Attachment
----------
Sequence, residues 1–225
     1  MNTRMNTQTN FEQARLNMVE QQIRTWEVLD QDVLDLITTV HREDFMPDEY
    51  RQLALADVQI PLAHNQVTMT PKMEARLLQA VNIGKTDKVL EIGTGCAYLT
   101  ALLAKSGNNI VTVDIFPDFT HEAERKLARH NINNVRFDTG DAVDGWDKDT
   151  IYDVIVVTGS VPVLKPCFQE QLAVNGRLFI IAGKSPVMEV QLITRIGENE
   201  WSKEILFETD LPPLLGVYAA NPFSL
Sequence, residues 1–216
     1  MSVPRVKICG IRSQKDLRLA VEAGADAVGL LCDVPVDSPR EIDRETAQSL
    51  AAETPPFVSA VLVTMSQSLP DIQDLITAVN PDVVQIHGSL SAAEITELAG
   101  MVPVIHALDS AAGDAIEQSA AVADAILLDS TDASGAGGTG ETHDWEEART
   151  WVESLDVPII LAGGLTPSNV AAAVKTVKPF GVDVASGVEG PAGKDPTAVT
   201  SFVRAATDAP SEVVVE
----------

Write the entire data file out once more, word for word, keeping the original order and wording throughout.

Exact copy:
Sequence, residues 1–225
     1  MNTRMNTQTN FEQARLNMVE QQIRTWEVLD QDVLDLITTV HREDFMPDEY
    51  RQLALADVQI PLAHNQVTMT PKMEARLLQA VNIGKTDKVL EIGTGCAYLT
   101  ALLAKSGNNI VTVDIFPDFT HEAERKLARH NINNVRFDTG DAVDGWDKDT
   151  IYDVIVVTGS VPVLKPCFQE QLAVNGRLFI IAGKSPVMEV QLITRIGENE
   201  WSKEILFETD LPPLLGVYAA NPFSL
Sequence, residues 1–216
     1  MSVPRVKICG IRSQKDLRLA VEAGADAVGL LCDVPVDSPR EIDRETAQSL
    51  AAETPPFVSA VLVTMSQSLP DIQDLITAVN PDVVQIHGSL SAAEITELAG
   101  MVPVIHALDS AAGDAIEQSA AVADAILLDS TDASGAGGTG ETHDWEEART
   151  WVESLDVPII LAGGLTPSNV AAAVKTVKPF GVDVASGVEG PAGKDPTAVT
   201  SFVRAATDAP SEVVVE